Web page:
The average person might look at the proposed ~$2 million, 800 horsepower Bugatti 16C Galibier
and think: "What a ridiculously over-the-top waste of resources."
A Bugatti fan might think: "That is the coolest sedan I've ever seen in my life."
Bugatti chief Wolfgang Durheimer, on the other hand, thinks: "Not outrageous enough."
According to a source consulted by Inside Line
, the Bugatti/Bentley chief feels that, despite its claims of being the "most exclusive, elegant, and powerful four door automobile in the world," the Galibier is still lacking.
The source explains: "In his opinion, there should not even be a question about the best car in the world when you sit down to discuss it with your billionaire buddies. He doesn't want to build it until it's the car that finishes the argument, not the car that starts it."
While the 16C Galibier looks ridiculously juiced-up next to pretty much every stock sedan on the planet, the concern seems to lie with tuners. Durheimer doesn't want the ultra-premium sedan to be in the same conversation as tuned-up models like the 800 horsepower G-Power BMW M5 Hurricane RR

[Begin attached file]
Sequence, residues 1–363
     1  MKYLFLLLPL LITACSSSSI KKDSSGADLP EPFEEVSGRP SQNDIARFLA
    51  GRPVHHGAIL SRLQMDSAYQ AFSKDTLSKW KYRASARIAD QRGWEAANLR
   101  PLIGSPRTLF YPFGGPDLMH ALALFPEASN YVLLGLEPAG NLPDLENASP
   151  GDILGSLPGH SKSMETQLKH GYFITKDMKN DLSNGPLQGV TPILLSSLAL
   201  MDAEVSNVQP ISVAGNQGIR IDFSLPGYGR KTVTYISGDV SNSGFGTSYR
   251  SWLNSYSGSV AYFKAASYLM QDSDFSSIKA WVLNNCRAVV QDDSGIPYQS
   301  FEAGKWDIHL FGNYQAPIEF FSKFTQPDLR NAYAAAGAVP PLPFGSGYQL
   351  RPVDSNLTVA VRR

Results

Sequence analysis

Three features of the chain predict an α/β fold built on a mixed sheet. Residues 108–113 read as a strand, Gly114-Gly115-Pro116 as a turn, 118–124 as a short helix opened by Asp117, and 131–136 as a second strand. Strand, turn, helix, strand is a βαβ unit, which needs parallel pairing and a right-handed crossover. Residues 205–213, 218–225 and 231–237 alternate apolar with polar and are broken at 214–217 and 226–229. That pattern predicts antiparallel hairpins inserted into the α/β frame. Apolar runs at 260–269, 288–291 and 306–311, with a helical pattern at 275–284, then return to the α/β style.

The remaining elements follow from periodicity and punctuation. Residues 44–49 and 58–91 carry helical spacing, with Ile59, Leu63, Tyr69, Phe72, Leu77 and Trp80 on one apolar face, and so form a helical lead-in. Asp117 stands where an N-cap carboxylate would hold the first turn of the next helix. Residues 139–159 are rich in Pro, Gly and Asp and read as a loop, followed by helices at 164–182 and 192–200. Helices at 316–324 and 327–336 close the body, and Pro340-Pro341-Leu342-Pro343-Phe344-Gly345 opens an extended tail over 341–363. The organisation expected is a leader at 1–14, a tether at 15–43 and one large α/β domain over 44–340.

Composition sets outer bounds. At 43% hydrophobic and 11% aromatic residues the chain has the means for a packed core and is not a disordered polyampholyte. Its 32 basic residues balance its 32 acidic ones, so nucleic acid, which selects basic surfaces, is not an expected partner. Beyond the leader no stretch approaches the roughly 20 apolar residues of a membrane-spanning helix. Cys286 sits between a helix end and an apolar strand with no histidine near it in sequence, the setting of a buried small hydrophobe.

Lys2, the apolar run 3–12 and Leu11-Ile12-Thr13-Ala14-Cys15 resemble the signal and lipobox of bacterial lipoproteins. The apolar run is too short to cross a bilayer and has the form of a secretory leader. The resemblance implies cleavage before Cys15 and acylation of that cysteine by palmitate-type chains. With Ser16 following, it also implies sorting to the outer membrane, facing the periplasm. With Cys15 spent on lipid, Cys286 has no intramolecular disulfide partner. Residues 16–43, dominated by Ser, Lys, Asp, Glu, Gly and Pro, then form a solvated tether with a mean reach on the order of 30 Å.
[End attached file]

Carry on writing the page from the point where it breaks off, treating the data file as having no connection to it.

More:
Having covered some of the monsters created by tuners like Hamann and Mansory, I can't say I blame the man.
In the past
, Durheimer has said that he thinks 1,000-plus horsepower is appropriate for all new Bugattis. So the Galibier might drop the two-stage supercharger that it used in concept form in favor of the Veyron 16.4's quad-turbo, 1,001 horsepower configuration (both cars use the same 8.0-liter W-16 engine). Or, if he really wants to leap ahead of the curve, perhaps a 1,200 horsepower Veyron Super Sport tune is in order.
Durheimer also reportedly feels that the car needs extra space and comfort in the rear.
Despite past reports that the Galibier is already good to go
, Durheimer (and his bosses at Volkswagen Group) plan to delay a decision on the car's future until later this year. In the meantime, Bugatti engineers are tasked with working out these "kinks".